The physical therapist suggests dynamic stretching, or stretches that include movement like lunges or squats, which can improve your ability to react. "Dynamic stretches can be functional and mimic the movement of the activity or sport you're about to perform."

Running Tip For Beginners: Warm-Up

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Don't just jump right into the run, your body needs to get warmed up first. "Warming up is a valuable part of any physical activity, it helps to awaken your body, increase blood circulation, and reduce the risk of injuries," Nina Zarina, winner of the 2019 San Francisco marathon and the Wings for Life World Run Global Champion (for the 2nd year in a row), tells TZR. "It usually takes five to ten minutes before easy, regular runs and can include an intense walk, squats, arm and legs circling, or a bit of dynamic stretch. It should be intense, but not difficult. There is no specific focus, just try to wake up all parts of your body."

Running Tip For Beginners: Try A Run/Walk Method

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If you're brand new to running, start off by following a method that involves walking. "I start my new runners with a run/walk method, which has proven to be very effective for many new exercisers," Wittig explains. "Start walking for a longer period of time than running, and gradually build the running time to be longer than the walk."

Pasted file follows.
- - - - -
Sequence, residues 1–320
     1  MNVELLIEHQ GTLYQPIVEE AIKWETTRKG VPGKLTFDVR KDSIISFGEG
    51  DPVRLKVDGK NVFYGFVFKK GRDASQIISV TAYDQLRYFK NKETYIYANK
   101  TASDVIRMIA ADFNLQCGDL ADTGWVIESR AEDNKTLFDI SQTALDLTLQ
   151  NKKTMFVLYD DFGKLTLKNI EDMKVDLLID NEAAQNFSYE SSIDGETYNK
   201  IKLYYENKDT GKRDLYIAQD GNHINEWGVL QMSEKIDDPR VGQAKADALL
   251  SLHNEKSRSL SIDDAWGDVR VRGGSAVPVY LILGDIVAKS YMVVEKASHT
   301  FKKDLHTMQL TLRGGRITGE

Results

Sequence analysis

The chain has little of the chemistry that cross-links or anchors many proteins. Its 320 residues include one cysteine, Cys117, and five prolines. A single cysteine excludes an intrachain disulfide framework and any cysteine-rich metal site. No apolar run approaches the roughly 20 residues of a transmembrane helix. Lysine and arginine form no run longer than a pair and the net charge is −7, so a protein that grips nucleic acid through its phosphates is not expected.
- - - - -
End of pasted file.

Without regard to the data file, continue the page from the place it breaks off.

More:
Wittig says an example of this would be starting off with a five-minute walk and one-minute run, and repeating for a total of 20 to 30 minutes, three times a week. Then the following week, decrease your walk time by one minute and increase your run time by one minute. Soon, you'll be running more than walking, she notes.

Running Tip For Beginners: Don't Start Off Too Fast

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Shortness of breathing is common to experience when running, but Timothy Lyman, ACE, CPT, PES certified and director of training programs at Fleet Feet Pittsburgh, recommends slowing down and not beating yourself up. "What’s happening when you get out of breath is that the runner’s heart rate shoots into an anaerobic zone, and they go into what’s called oxygen debt," Lyman notes. "This is where the body cannot get enough oxygen to working muscles quickly enough to maintain the work output from the athlete. Once you're in oxygen debt, it takes extra time to 'settle' that debt, which is why people typically wind up frustrated."